Today, the words foyer and vestibule are mostly interchangeable. Both describe entrances that are passage rooms to the central part of a building. However, while they do generally mean the same thing, there are small differences to each.
Vestibule is Latin in origin and stems from the word vestibulum, first appearing between 1615 and 1625. The definition of vestibule is "forecourt or entrance." Foyer stems from the Latin word focarium, which means "center of focus," and it first appeared between 1855 and 1860. The definition of foyer is "the lobby of a theater, hotel or apartment house or an entrance hall in a house or apartment."
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Specific Characteristics of a Foyer
A foyer in a residence is usually a small area behind a front door that separates a home's main rooms from the outside of the house. Often, a foyer will contain a stairway to a home's second level and interior doorways to whatever rooms are attached to it on the ground level.
People sometimes store outerwear including jackets and umbrellas in foyers and sparsely decorate them with mirrors, side tables or hooks. A foyer can also contain a small closet for storage and a half bathroom to freshen up in before heading into the main part of a house.
More traditional or formal homes have larger foyers that generally share the same style as the rest of the house. Visitors and residents enter through the foyer, which is a more upscale, formal space than a mudroom or vestibule, and is generally used only by the residents of a home.
A foyer located in a larger building like an apartment building, a hotel, a concert venue or a theater is essentially a lobby. Much like a home's foyer, it's also a passageway to the outdoors. However, because of its size, it can double as a waiting or relaxation area. Some lobbies are large enough that they can accommodate restaurants, coffee shops, bars, large restrooms or a reception desk.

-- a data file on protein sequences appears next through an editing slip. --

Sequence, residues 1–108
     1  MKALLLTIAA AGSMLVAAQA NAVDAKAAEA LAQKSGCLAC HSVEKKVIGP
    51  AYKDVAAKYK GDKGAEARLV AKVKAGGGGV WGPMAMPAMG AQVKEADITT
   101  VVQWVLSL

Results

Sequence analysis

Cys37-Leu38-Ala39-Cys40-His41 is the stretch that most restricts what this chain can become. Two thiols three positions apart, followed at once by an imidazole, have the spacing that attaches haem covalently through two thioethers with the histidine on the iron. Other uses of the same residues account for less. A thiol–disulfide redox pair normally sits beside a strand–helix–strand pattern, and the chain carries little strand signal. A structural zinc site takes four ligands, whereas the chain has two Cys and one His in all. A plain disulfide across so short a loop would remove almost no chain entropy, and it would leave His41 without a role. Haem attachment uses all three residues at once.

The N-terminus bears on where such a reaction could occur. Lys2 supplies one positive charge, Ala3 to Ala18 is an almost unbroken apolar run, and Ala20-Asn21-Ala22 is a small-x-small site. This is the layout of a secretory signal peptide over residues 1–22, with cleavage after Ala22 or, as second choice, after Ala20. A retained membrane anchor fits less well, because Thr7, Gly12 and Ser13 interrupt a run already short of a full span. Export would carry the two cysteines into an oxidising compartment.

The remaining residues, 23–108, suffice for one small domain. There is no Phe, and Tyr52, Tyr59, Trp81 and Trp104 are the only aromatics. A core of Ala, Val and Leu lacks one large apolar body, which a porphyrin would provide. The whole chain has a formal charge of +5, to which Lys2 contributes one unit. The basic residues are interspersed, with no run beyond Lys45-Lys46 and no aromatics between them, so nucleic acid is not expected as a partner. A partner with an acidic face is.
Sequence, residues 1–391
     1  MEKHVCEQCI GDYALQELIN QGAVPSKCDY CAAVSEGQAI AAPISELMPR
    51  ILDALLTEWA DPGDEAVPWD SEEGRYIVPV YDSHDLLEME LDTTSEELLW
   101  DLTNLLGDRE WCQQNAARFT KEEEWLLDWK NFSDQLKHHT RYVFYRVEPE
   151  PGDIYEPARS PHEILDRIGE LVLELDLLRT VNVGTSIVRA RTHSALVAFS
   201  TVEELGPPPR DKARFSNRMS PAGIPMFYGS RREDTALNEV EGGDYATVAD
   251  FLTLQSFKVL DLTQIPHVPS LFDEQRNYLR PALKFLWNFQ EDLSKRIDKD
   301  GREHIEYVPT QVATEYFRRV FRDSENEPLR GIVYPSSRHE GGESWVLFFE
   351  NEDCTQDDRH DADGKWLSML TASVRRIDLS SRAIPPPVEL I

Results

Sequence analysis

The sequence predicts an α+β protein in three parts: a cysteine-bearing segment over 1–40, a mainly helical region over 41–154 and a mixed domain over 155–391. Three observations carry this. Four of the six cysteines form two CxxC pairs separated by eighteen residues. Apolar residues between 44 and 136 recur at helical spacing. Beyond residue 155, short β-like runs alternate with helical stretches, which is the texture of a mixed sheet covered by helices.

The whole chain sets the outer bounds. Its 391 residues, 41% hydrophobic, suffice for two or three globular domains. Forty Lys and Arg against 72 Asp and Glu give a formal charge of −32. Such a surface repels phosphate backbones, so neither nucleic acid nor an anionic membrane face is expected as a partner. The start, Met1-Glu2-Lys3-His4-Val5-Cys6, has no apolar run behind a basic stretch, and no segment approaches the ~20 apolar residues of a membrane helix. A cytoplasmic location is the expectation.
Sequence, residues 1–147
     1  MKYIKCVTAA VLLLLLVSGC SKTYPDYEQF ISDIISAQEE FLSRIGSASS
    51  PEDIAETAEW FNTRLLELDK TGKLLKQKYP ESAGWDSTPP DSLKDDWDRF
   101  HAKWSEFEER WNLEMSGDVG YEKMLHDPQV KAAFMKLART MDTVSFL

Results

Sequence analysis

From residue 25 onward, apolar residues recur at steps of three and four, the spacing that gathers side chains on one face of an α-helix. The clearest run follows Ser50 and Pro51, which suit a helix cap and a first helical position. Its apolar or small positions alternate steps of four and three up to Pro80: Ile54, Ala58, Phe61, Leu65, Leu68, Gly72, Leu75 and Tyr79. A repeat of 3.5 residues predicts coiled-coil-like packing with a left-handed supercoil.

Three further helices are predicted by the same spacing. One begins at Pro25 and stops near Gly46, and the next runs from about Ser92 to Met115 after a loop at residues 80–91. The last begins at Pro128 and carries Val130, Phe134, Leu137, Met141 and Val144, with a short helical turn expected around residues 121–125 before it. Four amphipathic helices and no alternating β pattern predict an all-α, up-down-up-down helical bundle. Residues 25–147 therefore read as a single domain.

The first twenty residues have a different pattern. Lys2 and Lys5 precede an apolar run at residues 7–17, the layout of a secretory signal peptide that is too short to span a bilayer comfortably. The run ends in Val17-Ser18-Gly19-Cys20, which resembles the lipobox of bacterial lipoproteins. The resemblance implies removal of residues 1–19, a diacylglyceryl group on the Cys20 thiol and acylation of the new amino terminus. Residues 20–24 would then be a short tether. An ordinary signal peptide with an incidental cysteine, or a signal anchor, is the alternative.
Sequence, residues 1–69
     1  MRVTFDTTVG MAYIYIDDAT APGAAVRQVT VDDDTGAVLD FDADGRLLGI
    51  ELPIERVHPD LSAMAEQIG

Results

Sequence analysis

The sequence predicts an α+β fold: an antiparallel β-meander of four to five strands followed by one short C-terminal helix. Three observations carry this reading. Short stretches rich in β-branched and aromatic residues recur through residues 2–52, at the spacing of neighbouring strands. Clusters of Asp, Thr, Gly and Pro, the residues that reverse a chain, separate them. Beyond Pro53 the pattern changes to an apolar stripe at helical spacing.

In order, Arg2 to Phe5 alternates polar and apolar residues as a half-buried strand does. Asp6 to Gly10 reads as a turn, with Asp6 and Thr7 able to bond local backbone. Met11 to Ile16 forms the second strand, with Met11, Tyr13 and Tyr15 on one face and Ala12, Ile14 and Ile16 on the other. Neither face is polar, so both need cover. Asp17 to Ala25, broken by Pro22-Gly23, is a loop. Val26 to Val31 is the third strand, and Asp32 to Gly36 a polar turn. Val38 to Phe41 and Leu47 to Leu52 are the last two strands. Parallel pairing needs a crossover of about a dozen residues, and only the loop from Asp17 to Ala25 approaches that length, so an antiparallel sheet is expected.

Specific Characteristics of a Vestibule
A vestibule is much like a foyer in that it's an entranceway to the main part of a building, but it's slightly different in that its primary purpose is to be a buffer between the inside and the outside in extreme weather. A vestibule keeps the interior of a building cool against the heat of summer and serves as a buffer from colder weather. In places like New York City, restaurants add temporary vestibules to their front door frames as cold weather approaches. Some of these can include vinyl windows or heating elements.
Vestibules are also prevalent in larger, more opulent buildings. They promote grandeur as they contrast a small space against a much larger one. They also keep the interior rooms to the building hidden from street view. A vestibule can serve as a storage space for a church, library or government building. In a bank, it may include an automatic teller machine that's accessible from the outside after business hours. This antechamber may have a secure entrance that requires a card to access.
A Mudroom is a Type of Vestibule
A mudroom is a landing room or vestibule between the inside and outside of a home. It's larger than a foyer and serves as a place where family members can remove soiled or wet outwear before entering the main part of the house. A mudroom's location is off to the back or side of a house and it often has storage for outerwear. It has easily cleanable floors and can also have a washer and dryer. A person who comes into a home wearing soiled clothes can remove them and clean them in a home's mudroom before entering.